FIR Filter Architectures for FPGAs and ASICs
These blocks provide filter implementations that make trade-offs between resources and throughput. The filter implementations also consider vendor-specific hardware details of the DSP blocks when adding pipeline registers to the architecture. These differences in pipeline register locations help fit the filter design to the DSP blocks on the FPGA. For a filter implementation that matches multipliers, pipeline registers, and pre-adders to the DSP configuration of your FPGA vendor, specify your target device when you generate HDL code.
The filter implementations remove multipliers for zero-valued coefficients, such as in half-band filters and Hilbert transforms. When you use scalar input data, the filters share multipliers for symmetric and antisymmetric coefficients. Frame-based filters do not support symmetry optimization.
The Discrete FIR Filter block also provides an option to implement +/- 1 and power of 2 coefficients without a multiplier, and an option to implement all coefficients with CSD or factored-CSD logic.
The FIR filter implementations implement efficient complex multiplier architectures and support frame based input by using polyphase filters that share hardware resources across subfilters.
The architecture diagrams on this page assume a transfer function that has L coefficients (before optimizations that share multipliers for symmetric or antisymmetric or remove multipliers for zero-valued coefficients). N represents the number of cycles between valid input samples.
|Fully Parallel Systolic Architecture|
|Fully Parallel Transposed Architecture||Set Filter structure to |
|Partly Serial Systolic Architecture (1 < N < L)|
|Fully Serial Systolic Architecture (N ≥ L)|
If either data or coefficients are complex but not both, the filter blocks implement one filter to calculate the real output and a second filter to calculate the imaginary part. This implementation results in two multipliers for each filter tap.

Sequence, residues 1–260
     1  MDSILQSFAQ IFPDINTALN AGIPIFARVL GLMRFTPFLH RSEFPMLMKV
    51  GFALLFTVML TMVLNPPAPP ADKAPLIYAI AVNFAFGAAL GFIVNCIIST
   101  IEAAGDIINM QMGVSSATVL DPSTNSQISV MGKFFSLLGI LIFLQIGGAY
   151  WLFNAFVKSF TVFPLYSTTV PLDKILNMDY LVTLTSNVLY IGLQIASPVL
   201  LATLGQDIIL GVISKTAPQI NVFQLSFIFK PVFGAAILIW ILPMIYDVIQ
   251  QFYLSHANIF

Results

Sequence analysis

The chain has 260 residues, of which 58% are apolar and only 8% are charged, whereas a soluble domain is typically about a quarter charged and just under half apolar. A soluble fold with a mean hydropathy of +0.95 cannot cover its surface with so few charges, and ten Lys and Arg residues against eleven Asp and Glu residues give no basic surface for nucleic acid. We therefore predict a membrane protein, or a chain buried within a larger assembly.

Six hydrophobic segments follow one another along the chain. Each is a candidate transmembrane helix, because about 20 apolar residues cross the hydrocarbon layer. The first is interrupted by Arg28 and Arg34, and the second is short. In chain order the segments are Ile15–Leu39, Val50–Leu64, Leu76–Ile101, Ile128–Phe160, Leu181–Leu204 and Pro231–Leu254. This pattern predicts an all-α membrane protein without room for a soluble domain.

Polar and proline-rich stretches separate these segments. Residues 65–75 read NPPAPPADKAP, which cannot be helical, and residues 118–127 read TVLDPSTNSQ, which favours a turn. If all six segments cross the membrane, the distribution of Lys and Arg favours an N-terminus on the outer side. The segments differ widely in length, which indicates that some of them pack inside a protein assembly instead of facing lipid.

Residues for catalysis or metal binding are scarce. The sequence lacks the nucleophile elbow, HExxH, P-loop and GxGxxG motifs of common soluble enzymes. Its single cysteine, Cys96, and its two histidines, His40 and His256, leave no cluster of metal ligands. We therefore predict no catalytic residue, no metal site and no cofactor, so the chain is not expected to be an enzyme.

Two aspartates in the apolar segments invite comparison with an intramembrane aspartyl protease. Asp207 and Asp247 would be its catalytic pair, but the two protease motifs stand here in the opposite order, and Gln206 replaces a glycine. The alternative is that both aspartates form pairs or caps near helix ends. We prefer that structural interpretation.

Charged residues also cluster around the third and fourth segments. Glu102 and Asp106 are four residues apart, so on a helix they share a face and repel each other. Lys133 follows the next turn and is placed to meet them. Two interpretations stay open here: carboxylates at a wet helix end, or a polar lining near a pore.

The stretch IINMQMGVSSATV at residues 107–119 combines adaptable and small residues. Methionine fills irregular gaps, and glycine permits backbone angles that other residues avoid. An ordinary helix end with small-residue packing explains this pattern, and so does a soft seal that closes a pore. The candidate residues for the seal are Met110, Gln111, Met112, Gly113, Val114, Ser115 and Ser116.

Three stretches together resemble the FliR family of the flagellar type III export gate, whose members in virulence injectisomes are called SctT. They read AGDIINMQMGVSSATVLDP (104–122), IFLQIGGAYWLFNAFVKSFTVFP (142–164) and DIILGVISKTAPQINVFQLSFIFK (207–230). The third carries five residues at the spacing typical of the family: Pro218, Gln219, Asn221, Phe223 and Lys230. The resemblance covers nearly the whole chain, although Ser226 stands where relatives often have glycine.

When both the data and coefficients are complex, the block implements three filters in parallel. The diagram shows the filter implementation for complex input data X = Xr+i×Xi and complex coefficients W = Wr+i×Wi.
When you specify coefficients from a parameter, Wr + Wi and Wr-Wi are pre-calculated, so this implementation uses 3 DSP blocks for each filter tap, plus the input adder and two output adders. The input to each filter tap multiplier grows by one bit.
When you use programmable coefficients, the filter uses 2 more adders for each filter tap. These adders calculate the coefficients Wr + Wi and Wr-Wi.
For the Discrete FIR Filter block, only, when you use complex input data and/or
complex coefficients with a single-channel partly serial architecture, the block
implements complex interleaving to share the multipliers over inactive input cycles. For
complex input and complex coefficients, the block needs at least
3*FilterLength to implement the filter with a single multiplier. For
complex input with real coefficients or complex coefficients with real input, the block
needs at least
NumCycles = 2*FilterLength to implement the filter
with a single multiplier.
FilterLength = FilterLength/2 if the filter
is symmetrical. (since R2023b)
Frame-Based Input Data
The Discrete FIR Filter, FIR Decimator, FIR Interpolator, Channelizer, and Channel Synthesizer blocks accept frame-based input data to support gigasamples-per-second throughput. When you apply frame-based input data, the FIR filter implements a polyphase decomposition of your filter coefficients into V subfilters, where V is the size of the input vector. The frame-based filter increases throughput and uses more hardware resources than the scalar-input case. Frame-based filters do not implement symmetry optimization.